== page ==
Good to know that for the Singapore store, the team has developed around 60 products after many rounds of research and development, including over 10 kinds of regionally-inspired new flavours to cater to Coffee-C, Durian, Saawadee – a green curry bun, TomYummy and Kaya Kebaya.

I bought and tried a couple of breads, the quality (softness) and variety (with many types of fillings) were slightly higher than the average bakery here.

Here are some of the Wu Pao Chun bakes you can expect:

Red Wine Longan ($20.80 for whole bread)
With fresh longan smoked over 6 days using a recipe accentuated with red wine, wheat sprouts and walnuts. This is the best-selling bread in Taiwan.

Lychee Rose Royal ($20.80 for whole bread)
The dough is said to be drunken overnight in an artisanal blend of lychee wine, black-leaf lychee and natural rose petals.

While the Red Wine Longan is the best-seller in Taiwan, the Lychee Rose appears to be more popular with Singaporeans.

Satay Satay ($3.50)
Inspired by the Singapore hawker food, this is filled with satay chicken, satay sauce and cheese, topped with onions and peanuts.

Delicious, probably my personal top 3 here.

BellaChan ($3.80)
One word, “Shiok”. The BellaChan is named after “Belachan” (get it?), so this chicken bun has an addictive tangy-lime and spicy kick.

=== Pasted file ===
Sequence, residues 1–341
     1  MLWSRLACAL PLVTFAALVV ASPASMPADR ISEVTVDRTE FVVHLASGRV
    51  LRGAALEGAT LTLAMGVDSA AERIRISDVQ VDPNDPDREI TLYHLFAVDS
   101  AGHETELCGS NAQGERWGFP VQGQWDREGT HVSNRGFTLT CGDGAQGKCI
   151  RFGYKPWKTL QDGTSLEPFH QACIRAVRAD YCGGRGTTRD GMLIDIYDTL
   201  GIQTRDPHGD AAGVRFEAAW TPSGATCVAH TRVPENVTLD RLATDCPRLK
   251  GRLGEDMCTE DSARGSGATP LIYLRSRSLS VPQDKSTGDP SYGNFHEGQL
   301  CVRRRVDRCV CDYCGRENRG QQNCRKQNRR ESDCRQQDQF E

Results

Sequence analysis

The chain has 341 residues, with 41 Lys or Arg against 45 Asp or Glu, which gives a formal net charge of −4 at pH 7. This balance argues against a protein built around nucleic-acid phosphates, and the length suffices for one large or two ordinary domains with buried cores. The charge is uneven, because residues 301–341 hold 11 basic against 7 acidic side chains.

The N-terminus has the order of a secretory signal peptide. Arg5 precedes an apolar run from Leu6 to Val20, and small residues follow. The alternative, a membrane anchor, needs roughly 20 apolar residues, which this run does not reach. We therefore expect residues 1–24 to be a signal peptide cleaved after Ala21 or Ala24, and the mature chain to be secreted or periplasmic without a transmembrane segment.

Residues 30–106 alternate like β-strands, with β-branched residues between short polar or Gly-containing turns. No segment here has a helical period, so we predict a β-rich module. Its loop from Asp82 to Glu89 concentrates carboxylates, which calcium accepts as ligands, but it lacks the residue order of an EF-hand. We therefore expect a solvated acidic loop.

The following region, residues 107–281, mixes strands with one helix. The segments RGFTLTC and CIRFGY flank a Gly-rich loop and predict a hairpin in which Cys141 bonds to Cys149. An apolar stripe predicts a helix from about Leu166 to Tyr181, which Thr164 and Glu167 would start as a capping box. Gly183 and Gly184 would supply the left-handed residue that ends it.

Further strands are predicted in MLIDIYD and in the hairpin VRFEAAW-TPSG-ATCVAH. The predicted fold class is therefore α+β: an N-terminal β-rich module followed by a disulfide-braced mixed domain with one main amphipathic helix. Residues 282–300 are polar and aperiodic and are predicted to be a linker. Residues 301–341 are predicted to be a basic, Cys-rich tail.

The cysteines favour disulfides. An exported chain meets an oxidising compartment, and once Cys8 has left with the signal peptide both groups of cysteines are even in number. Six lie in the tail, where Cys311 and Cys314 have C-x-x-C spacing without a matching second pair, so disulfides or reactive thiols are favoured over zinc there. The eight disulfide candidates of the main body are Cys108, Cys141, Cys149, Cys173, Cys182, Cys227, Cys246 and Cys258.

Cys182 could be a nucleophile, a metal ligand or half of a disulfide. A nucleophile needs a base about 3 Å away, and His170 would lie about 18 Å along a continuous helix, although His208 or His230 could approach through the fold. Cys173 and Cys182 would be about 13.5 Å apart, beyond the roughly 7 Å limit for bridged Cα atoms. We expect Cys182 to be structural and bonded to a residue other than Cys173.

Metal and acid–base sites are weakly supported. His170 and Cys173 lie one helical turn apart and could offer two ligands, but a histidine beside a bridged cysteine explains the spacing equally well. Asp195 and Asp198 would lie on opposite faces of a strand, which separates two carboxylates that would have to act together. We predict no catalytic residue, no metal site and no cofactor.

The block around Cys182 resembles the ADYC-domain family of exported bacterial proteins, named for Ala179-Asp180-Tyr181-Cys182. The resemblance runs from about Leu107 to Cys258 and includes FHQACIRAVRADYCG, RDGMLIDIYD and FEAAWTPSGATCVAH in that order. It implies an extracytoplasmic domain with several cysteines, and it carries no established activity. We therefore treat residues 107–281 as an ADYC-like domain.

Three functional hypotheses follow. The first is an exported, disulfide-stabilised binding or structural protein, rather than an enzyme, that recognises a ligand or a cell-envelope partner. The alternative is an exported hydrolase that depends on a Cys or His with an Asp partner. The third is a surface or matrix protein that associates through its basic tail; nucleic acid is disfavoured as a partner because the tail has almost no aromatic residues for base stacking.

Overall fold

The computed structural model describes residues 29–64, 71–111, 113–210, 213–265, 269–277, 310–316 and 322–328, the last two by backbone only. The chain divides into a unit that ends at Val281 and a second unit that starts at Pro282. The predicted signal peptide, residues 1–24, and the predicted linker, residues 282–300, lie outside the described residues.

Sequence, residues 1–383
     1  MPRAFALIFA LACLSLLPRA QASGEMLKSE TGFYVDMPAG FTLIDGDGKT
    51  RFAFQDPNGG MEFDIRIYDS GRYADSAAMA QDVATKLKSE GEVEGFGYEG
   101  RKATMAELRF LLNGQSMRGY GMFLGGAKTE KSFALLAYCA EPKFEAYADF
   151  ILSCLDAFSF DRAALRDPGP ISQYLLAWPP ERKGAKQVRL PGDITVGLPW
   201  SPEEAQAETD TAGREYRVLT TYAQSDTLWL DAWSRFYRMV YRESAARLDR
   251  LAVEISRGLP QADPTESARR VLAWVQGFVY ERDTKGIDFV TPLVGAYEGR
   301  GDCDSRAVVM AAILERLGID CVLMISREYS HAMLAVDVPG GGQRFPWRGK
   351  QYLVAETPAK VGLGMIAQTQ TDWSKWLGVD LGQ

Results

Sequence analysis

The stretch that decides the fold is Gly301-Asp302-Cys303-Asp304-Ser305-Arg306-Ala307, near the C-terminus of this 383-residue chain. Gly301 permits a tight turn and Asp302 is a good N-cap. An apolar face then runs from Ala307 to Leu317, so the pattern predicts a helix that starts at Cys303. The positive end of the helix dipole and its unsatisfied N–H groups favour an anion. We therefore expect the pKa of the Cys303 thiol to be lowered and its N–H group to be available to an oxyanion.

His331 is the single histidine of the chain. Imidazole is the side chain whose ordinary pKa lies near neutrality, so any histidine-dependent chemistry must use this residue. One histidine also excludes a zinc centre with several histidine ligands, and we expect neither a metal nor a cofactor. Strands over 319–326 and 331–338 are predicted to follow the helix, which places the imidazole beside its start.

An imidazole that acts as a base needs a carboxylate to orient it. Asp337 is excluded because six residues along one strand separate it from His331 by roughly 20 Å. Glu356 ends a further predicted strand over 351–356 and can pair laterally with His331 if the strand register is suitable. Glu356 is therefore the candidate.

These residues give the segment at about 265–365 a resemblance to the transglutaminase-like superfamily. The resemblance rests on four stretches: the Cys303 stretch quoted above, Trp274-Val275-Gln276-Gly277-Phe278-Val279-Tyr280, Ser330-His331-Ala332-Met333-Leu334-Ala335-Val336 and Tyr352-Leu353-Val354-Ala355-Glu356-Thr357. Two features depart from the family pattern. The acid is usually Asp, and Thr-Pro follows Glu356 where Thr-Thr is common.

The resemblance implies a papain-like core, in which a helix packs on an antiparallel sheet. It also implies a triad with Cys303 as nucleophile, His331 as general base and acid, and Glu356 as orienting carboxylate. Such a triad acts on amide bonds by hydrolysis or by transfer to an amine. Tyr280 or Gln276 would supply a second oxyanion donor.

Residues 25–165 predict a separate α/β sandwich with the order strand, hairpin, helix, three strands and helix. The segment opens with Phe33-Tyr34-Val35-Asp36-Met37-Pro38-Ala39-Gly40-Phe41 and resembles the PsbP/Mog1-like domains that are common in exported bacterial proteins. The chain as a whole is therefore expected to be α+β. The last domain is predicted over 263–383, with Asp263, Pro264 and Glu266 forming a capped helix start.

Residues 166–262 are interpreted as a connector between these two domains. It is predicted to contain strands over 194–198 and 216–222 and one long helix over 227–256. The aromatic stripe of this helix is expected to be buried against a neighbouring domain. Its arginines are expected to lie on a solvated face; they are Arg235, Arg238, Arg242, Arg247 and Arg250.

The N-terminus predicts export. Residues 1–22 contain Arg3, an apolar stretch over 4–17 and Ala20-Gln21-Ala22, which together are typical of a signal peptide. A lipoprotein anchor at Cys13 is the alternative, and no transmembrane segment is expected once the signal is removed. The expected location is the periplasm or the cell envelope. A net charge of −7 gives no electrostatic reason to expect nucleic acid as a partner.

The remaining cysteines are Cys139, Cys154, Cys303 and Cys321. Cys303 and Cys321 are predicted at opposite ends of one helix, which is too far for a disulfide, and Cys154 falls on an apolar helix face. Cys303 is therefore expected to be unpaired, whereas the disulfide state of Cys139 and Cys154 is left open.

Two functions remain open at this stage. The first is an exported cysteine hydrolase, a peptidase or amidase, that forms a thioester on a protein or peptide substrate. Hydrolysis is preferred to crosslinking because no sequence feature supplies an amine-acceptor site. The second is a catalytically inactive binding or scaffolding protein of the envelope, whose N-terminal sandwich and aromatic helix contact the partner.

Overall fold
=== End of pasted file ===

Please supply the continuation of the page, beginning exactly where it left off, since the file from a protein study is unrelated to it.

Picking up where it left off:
Coffee C ($2.80)
An aromatic bread infused with Nanyang kopi custard cream and roasted peanuts.

Kaya Kebaya ($2.20)
Soft french bun with kaya and butter filling. Your parents would likely enjoy this.

Durian ($3.50)
Luscious Mao Shan Wan durian fillings with fresh pandan juice mixed in the dough.

Tom Yummy ($2.60)
Filled with mildly spicy tom yum chicken

Spicy Tuna ($2.80)

Sawadee ($2.80)
Bun with rich green curry chicken, mushrooms and cashew nuts.

Mentaiko Baguette ($3.00)

Sausage Roll with German pork sausage ($2.20)

Spring Into Life ($5.20)
Bread with ham, cheddar cheese and mozzarella cheese.

Spring Blossom ($2.20)
Soft and chewy bun topped with spring onions and shallot oil. This simple bun ended up to be one of Singapore’s top favourites.